Eicke Latz gathering data for his cyclodextrin studies. Photo: Chris and Hugh Hempel
Amy Dockser Marcus
Updated April 6, 2016 2:08 p.m. ET
In science, ideas can come from anywhere. Still, Eicke Latz was surprised to get an email in 2010 from a stranger proposing an experiment.
Dr. Latz and other researchers had just published a study in Nature proposing that cholesterol crystals that form in the arteries may help trigger inflammation and heart disease. The scientists wondered in the paper if finding drugs that might dissolve the crystals could make a difference in treating or even preventing the disease.
One of the readers of Dr. Latz’s paper was Chris Hempel of Reno, Nev., the mother of twin girls with a rare and fatal cholesterol-metabolism disorder called Niemann-Pick Type C disease. Her children were receiving cyclodextrin as part of an experimental treatment approved by the U.S. Food and Drug Administration. Ms. Hempel wondered if cyclodextrin might work to dissolve cholesterol crystals. Dr. Latz said the idea was intriguing, and he set out to test it.
Years later, Ms. Hempel’s inkling has turned into the focus of a newly published scientific study in the journal Science Translational Medicine. Dr. Latz lists Ms. Hempel as one of the co-authors.
“In the end,” he says, “the question turned out to not be so simple to answer.”
Here are edited excerpts of the conversation with Dr. Latz about how those most affected by a particular disease can end up helping to generate science.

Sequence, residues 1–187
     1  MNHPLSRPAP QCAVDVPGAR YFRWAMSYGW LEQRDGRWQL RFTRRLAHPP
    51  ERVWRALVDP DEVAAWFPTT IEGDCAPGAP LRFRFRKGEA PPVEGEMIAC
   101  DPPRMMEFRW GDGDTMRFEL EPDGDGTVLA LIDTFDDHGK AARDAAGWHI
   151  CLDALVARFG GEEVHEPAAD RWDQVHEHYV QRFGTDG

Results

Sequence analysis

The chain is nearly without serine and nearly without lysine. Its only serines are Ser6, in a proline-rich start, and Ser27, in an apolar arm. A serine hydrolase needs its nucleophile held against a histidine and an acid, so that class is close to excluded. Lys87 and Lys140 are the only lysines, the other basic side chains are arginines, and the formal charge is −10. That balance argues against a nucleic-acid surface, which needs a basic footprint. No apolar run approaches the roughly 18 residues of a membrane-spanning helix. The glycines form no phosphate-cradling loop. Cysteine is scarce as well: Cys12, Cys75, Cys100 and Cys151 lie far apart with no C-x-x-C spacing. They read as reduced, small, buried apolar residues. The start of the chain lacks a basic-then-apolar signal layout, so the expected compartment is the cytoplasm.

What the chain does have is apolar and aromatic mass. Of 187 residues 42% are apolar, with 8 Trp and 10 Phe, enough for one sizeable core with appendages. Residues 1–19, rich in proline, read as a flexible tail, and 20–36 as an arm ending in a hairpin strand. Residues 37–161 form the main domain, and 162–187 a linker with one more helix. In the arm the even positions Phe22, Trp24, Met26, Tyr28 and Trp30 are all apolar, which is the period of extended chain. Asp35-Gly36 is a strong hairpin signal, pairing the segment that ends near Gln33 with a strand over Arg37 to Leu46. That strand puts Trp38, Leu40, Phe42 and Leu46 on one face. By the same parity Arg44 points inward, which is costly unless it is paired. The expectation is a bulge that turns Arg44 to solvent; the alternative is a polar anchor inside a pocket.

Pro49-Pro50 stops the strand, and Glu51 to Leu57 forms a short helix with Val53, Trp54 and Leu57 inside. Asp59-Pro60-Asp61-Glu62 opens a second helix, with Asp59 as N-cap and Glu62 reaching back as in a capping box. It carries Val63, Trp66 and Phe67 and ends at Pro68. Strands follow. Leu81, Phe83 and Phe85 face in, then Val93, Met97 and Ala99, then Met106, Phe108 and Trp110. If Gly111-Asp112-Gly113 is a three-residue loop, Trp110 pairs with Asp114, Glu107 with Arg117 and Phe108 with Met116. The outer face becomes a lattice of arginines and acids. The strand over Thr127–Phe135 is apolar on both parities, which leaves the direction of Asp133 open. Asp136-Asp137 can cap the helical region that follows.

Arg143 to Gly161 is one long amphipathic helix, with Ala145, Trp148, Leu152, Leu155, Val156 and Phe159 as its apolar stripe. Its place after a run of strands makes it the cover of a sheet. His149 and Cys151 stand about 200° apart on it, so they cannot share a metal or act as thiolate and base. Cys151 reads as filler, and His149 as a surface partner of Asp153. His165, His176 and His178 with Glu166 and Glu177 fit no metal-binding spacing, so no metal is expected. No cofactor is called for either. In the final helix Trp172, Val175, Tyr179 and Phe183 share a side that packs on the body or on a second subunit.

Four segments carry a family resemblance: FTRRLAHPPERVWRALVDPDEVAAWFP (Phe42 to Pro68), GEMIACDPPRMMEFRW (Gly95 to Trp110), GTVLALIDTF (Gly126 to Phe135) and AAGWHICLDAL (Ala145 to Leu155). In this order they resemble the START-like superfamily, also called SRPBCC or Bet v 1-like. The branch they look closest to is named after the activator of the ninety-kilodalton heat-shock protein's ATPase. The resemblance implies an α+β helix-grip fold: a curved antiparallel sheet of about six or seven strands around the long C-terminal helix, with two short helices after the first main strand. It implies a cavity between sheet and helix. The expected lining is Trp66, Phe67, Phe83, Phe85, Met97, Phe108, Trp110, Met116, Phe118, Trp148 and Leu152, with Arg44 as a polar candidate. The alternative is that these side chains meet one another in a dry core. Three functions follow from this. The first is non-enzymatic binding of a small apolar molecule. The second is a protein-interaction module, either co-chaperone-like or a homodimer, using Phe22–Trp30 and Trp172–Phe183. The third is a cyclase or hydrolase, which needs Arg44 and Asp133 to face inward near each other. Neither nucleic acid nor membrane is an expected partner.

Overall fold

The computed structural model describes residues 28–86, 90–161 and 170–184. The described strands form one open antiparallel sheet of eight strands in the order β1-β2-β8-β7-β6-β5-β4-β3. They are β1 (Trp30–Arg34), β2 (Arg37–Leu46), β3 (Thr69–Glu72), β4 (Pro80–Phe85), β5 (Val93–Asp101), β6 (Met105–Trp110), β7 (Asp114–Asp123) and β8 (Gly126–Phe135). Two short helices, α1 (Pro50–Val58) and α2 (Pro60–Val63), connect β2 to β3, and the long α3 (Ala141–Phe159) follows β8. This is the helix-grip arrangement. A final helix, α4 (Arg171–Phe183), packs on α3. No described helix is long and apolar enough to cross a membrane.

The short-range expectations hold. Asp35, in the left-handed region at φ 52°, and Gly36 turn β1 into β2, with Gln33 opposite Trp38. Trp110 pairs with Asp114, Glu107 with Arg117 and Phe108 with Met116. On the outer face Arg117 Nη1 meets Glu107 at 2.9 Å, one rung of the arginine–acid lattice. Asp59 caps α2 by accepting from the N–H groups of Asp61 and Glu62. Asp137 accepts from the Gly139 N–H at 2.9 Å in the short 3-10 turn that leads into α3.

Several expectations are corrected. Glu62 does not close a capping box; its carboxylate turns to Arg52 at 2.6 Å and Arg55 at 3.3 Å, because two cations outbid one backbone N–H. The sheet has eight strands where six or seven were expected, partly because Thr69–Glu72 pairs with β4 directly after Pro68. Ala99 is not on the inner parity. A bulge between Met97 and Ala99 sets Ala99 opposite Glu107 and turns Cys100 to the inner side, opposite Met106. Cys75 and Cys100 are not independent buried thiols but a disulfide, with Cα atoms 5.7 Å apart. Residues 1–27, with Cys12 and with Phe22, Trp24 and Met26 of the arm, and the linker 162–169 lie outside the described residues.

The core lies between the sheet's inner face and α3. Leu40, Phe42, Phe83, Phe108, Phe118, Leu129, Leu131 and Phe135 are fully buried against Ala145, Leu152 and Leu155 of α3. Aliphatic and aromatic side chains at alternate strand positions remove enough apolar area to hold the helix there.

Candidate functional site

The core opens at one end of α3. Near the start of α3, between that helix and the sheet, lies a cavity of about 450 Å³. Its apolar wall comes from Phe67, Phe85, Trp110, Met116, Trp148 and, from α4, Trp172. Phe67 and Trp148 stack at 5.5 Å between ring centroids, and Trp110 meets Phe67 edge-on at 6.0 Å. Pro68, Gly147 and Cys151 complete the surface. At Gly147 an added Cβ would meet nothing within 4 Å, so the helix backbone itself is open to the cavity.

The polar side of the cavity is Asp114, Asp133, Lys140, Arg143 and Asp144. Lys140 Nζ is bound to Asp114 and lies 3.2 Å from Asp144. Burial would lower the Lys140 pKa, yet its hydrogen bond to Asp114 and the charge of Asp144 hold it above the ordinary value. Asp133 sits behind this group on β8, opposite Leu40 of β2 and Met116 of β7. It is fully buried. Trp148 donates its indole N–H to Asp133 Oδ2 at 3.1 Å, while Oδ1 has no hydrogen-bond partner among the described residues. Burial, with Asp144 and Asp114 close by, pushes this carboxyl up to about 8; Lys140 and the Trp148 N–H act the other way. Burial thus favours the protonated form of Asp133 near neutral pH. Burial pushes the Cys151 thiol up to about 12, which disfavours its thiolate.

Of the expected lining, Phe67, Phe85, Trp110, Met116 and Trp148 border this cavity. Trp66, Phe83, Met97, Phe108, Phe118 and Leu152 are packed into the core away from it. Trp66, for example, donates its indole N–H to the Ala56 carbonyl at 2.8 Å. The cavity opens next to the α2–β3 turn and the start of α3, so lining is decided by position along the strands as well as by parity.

WSJ: Have you ever pursued a suggestion from someone who isn’t a scientist?
Dr. Latz: Typically not. If the concept is maybe written up in a very clear way or it is a simple concept you may actually get ideas from people who are not scientists. Those are sometimes the best ideas, because when you have an education on a certain subtopic you are always a little bit biased. You understand what other people have written about the topic, you understand all the knowledge around the topic, or at least you think you understand it, but then sometimes the most obvious things don’t really stay in your mind. They don’t come out because you think too complicated.
WSJ: Can you expand on what some of the advantages an educated patient advocate, but not a trained scientist, might have in coming up with an idea for an experiment?
Dr. Latz: One thing is they probably have a lot of passion for what they read up on and for what they come up with, just because it affects the lives of their loved ones and this is a driving force, to really grasp everything around the disease. They want to get [at] something novel and…want to find something new so they can have a new therapy for their kids or people that have a disease. So I think it’s a special driving force that is in those people.
WSJ: What would be some of the limitations of working on ideas that come from people who don’t have any specialized science training?
Dr. Latz: I don’t think there is a limitation because, in the end, it is something you can test, in a mouse or a test tube or an experiment. So if the idea is a good idea, it comes out perfectly well and if it is a bad idea or an idea that is not justified, it will not show the answer.
Addison and Cassidy Hempel, twins with Niemann-Pick Type C disease, take an experimental drug now being tested in heart disease too. Photo: Chris and Hugh Hempel
WSJ: What factors limit more widespread collaboration between scientists and the public?
Dr. Latz: The information we typically get is from peer-reviewed journals. That is something that is not typically open to the general public...it is hidden between certain paywalls because people have to pay for viewing those articles. [But] there are more and more open access policies in science publishing so that other people actually can have access to the scientific literature. That is only one layer. The other layer is the language itself sometimes is a little bit cryptic. It is specialized. You always have to assume the reader has a certain knowledge level about what you write about.
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